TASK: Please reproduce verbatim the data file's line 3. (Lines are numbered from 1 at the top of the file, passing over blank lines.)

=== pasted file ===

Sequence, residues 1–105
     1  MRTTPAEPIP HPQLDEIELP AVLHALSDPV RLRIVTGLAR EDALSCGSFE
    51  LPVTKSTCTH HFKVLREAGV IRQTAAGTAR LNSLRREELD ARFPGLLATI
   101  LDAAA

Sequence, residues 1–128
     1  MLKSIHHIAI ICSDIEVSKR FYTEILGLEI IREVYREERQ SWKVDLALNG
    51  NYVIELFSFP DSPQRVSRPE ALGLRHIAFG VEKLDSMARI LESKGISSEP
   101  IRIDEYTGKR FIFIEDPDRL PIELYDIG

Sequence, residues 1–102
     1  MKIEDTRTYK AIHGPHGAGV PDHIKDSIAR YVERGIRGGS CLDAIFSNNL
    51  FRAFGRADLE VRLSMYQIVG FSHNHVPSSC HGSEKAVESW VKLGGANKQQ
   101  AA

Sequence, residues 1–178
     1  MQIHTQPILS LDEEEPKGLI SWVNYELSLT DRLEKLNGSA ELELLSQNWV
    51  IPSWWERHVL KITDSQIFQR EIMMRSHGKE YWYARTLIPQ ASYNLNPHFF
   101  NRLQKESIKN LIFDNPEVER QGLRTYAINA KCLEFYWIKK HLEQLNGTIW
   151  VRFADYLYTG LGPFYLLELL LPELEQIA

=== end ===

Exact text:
    51  LPVTKSTCTH HFKVLREAGV IRQTAAGTAR LNSLRREELD ARFPGLLATI